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Minnesota’s Boxing Legend Scott LeDoux
Scott LeDoux’s face read like a roadmap of boxing’s last golden era—eye thumbed by Larry Holmes, brow gashed by Mike Tyson, ears stung by none other than Muhammad Ali. “George Foreman hit me so hard,” LeDoux said, “my ancestors in France felt it.” The only man to step into the ring with eleven heavyweight champions, LeDoux also fought through two of boxing’s greatest scandals, recurring illness, and childhood trauma that haunted him for decades. This is his story, the life and times of a Minnesota Rocky making the most of the hard knocks that bruise the American Dream, told in full for the first time by award-winning journalist Paul Levy.
He was never a world champion, but Scott LeDoux was always the people’s champ. Doing his best to turn a small-town miner’s son into boxing’s next great white hope, Don King said of Scott LeDoux: “He eats rusty nails for breakfast, punches holes in concrete with either hand, bobs and weaves like a giant Rocky Marciano.” He was a big, good-natured kid, with a ready wit and the will to take all comers along on a ride he himself found hard to believe. From the mining community of Crosby, Minnesota, to the dingy, mildew-scented dressing rooms in minor-league towns like Sioux Falls and Billings, to the stage of Madison Square Garden, Levy gives us a real sense of what it was like to spar with fighters such as Tyson and Ali. The buried secrets of childhood abuse and the harrowing sadness of death and disease in his family make LeDoux’s triumphs and defeats all the more poignant and, in Levy’s irresistible narrative, unforgettable.
The Dark Days before the Dynasty
The San Francisco 49ers are among the most dynamic franchises, not only in the National Football League but in all of professional sports. They have won five Super Bowl titles and have produced some of football’s most dynamic players in Joe Montana, Jerry Rice, and Ronnie Lott, all of whom were coached by Bill Walsh, one of the game’s most innovative thinkers. The 49ers’ greatness came 35 years after the franchise began in 1946. During those years, they achieved no conference or league titles, even though they produced eight Pro Football Hall of Fame inductees, including the celebrated “Million Dollar Backfield.” Offering a detailed look at the 49ers’ prolonged growing pains, from the 1940s through the mid1970s, Founding 49ers focuses on that mostly unfulfilled time before the DeBartolo family rescued the franchise.
Author Dave Newhouse provides a fascinating look at the 49ers’ early years through the eyes of the players who gave the franchise its foundation. Ex49ers from the 1940s, 1950s, 1960s, and 1970s share their tales within these pages, including two members of the original 1946 team; Lou Spadia, the last surviving member of the 49ers’ original front office; former 49ers coach George Seifert; and Hall of Fame quarterback Dan Fouts, son of an early 49ers broadcaster.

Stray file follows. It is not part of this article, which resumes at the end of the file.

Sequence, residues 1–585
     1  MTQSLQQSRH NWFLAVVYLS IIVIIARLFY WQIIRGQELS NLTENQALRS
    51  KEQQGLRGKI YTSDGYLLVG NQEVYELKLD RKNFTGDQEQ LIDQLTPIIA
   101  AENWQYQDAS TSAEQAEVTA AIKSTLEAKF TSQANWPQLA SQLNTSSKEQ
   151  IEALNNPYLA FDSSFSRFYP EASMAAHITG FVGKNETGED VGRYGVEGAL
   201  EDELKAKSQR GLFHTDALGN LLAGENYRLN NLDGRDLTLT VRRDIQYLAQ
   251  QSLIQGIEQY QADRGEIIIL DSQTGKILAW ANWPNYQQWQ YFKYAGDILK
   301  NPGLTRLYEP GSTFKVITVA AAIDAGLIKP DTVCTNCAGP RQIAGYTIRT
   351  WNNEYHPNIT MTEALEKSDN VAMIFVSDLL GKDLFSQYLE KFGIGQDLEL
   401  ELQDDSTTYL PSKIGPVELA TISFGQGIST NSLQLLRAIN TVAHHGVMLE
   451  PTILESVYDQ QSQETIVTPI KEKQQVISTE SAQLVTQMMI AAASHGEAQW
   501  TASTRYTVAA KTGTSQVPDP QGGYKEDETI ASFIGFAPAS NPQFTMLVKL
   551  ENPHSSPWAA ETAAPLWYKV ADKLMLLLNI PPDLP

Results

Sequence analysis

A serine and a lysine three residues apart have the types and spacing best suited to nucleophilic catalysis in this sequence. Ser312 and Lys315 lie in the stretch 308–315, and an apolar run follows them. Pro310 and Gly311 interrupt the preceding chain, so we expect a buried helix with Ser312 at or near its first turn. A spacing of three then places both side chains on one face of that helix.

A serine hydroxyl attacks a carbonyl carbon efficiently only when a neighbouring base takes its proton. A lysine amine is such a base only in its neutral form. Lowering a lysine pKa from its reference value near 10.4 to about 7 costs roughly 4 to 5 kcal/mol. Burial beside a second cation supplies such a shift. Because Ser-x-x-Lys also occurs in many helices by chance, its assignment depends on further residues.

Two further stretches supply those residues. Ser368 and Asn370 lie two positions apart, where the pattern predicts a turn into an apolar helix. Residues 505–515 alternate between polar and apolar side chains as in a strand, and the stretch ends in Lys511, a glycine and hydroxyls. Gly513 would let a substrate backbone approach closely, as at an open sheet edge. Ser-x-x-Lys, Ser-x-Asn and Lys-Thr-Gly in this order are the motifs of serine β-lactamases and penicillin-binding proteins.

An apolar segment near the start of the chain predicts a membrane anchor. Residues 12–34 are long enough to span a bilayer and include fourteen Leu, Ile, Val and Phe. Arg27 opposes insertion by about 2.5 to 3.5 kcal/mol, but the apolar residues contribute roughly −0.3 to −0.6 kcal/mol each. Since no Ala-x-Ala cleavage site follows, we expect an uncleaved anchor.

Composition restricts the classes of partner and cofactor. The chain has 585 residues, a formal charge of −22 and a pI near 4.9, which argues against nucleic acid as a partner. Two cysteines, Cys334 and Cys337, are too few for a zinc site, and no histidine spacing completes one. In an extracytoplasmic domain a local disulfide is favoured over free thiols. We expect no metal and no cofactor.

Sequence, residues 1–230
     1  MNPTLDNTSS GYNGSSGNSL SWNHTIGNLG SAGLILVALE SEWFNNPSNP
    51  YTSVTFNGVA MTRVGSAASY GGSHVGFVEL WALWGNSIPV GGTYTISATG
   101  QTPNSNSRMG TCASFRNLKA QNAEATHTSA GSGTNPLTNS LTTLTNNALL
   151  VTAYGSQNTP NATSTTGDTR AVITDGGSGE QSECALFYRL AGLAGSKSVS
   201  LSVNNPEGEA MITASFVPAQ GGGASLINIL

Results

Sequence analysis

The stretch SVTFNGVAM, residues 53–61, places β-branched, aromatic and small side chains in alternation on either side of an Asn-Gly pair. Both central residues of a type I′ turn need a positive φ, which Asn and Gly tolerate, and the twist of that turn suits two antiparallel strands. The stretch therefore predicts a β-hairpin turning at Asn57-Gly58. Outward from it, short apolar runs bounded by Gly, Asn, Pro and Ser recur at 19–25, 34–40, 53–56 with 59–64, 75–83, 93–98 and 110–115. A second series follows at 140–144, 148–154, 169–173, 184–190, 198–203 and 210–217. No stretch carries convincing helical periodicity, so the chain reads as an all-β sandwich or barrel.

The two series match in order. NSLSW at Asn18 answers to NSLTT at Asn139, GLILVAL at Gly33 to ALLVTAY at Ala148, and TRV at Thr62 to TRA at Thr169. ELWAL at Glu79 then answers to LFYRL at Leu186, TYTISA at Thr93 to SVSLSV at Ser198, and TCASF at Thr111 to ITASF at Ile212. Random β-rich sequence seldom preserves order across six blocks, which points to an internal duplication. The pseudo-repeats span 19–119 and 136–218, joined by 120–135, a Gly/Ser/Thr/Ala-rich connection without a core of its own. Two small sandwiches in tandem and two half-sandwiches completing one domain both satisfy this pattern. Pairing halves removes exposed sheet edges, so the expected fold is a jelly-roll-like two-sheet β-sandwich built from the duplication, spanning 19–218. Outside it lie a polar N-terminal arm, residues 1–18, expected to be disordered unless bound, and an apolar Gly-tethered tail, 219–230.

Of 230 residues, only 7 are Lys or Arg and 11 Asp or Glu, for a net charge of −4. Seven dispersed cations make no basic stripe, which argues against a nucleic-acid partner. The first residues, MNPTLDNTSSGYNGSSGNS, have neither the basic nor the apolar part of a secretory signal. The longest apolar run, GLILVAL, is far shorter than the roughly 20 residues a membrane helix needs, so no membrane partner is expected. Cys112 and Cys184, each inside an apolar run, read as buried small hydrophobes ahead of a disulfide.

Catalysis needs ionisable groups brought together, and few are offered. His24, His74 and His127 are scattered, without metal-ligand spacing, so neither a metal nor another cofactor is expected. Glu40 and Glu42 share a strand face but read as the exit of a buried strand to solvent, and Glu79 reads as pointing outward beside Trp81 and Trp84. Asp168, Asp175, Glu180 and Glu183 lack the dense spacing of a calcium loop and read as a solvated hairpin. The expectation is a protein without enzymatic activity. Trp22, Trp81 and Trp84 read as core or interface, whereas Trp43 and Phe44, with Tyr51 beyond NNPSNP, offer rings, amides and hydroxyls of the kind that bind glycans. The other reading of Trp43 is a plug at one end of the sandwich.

These mostly forgotten 49ers didn’t win like their successors, but they were highly entertaining, they broke down racial barriers, and they turned San Francisco into a majorleague city. Founding 49ers captures the history of those preWalsh 49ers like no book before it.</p
Gaspar "Indio" Ortega and the Golden Age of Television Boxing
Friday Night Fighter relives a lost moment in American postwar history, when boxing ruled as one of the nation's most widely televised sports. During the 1950s and 1960s, viewers tuned in weekly, sometimes even daily, to watch widely-recognized fighters engage in primordial battle, with the Gillette Cavalcade of Sports Friday Night Fights being the most popular fight show. Troy Rondinone follows the dual narratives of the Friday Night Fights show and the individual story of Gaspar "Indio" Ortega, a boxer who appeared on primetime network television more than almost any other boxer in history. From humble beginnings growing up poor in Tijuana, Mexico, Ortega personified the phenomenon of postwar boxing at its greatest, appearing before audiences of millions to battle the biggest names of the time, such as Carmen Basilio, Tony DeMarco, Chico Vejar, Benny "Kid" Paret, Emile Griffith, Kid Gavilan, Florentino Fernandez, and Luis Manuel Rodriguez. Rondinone explores the factors contributing to the success of televised boxing, including the rise of television entertainment, the role of a "reality" blood sport, Cold War masculinity, changing attitudes toward race in America, and the influence of organized crime. At times evoking the drama and spectacle of the Friday Night Fights themselves, this volume is a lively examination of a time in history when Americans crowded around their sets to watch the main event.
Sports, Media, and the Color Line
The campaign for racial equality in sports has both reflected and affected the campaign for racial equality in the United States. Some of the most significant and publicized stories in this campaign in the twentieth century have happened in sports, including, of course, Jackie Robinson in baseball; Jesse Owens, Tommie Smith, and John Carlos in track; Arthur Ashe in tennis; and Jack Johnson, Joe Louis, and Muhammad Ali in boxing. Long after the full integration of college and professional athletics, race continues to play a major role in sports. Not long ago, sportswriters and sportscasters ignored racial issues. They now contribute to the public’s evolving racial attitudes on issues both on and off the field, ranging from integration to self-determination to masculinity.
From Jack Johnson to LeBron James examines the intersection of sports, race, and the media in the twentieth century and beyond. The essays are linked by a number of questions, including: How did the black and white media differ in content and context in their reporting of these stories? How did the media acknowledge race in their stories? Did the media recognize these stories as historically significant? Considering how media coverage has evolved over the years, the essays begin with the racially charged reporting of Jack Johnson’s reign as heavyweight champion and carry up to the present, covering the media narratives surrounding the Michael Vick dogfighting case in a supposedly post-racial era and the media’s handling of LeBron James’s announcement to leave Cleveland for Miami.